Useful constructs

We find knowledge (and express it) by dividing the world into grids and segments, and explaining how this organization works.

The periodic table is a useful construct.

Useful constructs are replicable and they’re predictive.

If I tell you the rules needed to organize the elements, you’ll come up with the same table as every other scientist.

And if you know where something is on that table, you can make accurate predictions about how the element will behave.

On the other hand, race is not a useful construct. Neither is ethnicity. It’s not a replicable approach—every person who tries to organize other humans by race will come up with a different system. And it’s not predictive—it doesn’t tell us anything about how someone will act going forward.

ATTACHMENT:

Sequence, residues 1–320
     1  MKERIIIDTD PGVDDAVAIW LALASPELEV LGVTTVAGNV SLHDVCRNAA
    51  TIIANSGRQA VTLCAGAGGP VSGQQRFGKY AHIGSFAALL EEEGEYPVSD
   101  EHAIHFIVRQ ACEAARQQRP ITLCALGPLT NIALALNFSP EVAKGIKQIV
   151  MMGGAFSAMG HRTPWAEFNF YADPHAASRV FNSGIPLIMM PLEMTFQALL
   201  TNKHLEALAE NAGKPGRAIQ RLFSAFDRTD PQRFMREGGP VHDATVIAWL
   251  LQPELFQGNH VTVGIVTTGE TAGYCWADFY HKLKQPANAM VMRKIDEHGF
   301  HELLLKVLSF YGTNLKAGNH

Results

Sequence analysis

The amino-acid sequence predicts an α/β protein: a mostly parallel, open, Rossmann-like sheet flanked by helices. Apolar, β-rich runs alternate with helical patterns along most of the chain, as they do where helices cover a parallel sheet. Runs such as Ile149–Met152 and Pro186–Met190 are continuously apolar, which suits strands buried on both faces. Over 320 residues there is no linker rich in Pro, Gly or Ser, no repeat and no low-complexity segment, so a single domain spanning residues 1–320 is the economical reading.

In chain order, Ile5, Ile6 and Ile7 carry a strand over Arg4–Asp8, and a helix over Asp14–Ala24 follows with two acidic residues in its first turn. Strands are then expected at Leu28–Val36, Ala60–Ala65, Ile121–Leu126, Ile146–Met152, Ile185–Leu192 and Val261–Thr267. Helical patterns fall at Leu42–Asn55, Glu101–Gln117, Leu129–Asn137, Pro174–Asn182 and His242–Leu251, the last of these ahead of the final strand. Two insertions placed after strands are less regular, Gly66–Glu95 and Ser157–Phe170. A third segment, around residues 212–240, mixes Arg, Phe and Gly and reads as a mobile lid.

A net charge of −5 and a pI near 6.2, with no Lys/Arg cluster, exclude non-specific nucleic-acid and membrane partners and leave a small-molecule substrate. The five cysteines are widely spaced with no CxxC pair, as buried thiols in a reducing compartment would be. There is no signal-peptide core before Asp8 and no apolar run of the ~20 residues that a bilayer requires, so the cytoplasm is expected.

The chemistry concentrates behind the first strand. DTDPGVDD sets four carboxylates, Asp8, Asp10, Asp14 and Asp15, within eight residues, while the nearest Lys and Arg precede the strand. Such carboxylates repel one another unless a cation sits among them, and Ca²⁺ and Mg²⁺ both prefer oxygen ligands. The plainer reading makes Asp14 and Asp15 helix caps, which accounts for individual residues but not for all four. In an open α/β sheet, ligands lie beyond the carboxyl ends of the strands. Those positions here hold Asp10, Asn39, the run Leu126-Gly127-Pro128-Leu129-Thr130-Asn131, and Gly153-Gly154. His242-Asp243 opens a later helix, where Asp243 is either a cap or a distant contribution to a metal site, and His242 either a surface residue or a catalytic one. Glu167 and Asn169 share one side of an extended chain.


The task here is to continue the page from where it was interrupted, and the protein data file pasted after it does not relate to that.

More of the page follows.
Engineers build their work around useful constructs. And often, people who are in politics waste their time arguing about constructs that aren’t useful at all.

If we’re going to influence the culture, grow our organizations, lead people and engage in the marketplace, finding useful constructs (as opposed to established superstitions) is essential work.